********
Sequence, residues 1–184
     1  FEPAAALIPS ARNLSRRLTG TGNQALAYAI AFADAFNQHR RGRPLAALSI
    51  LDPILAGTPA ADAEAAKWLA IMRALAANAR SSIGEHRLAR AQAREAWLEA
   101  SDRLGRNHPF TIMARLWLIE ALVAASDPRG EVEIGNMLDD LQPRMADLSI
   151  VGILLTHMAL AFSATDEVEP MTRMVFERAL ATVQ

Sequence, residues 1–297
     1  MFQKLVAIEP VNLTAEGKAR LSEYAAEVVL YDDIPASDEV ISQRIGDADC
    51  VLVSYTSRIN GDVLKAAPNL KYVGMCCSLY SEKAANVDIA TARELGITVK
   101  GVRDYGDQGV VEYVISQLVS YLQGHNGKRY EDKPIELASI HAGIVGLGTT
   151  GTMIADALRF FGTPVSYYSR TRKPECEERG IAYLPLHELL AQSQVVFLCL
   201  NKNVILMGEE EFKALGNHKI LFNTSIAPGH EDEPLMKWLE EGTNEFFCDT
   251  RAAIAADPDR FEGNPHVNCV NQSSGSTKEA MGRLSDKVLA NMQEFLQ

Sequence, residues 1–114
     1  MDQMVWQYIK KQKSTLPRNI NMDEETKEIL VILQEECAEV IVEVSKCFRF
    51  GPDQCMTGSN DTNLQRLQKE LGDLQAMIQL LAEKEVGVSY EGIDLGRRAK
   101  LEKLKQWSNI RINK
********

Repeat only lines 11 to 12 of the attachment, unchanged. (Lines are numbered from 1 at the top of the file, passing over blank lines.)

   201  NKNVILMGEE EFKALGNHKI LFNTSIAPGH EDEPLMKWLE EGTNEFFCDT
   251  RAAIAADPDR FEGNPHVNCV NQSSGSTKEA MGRLSDKVLA NMQEFLQ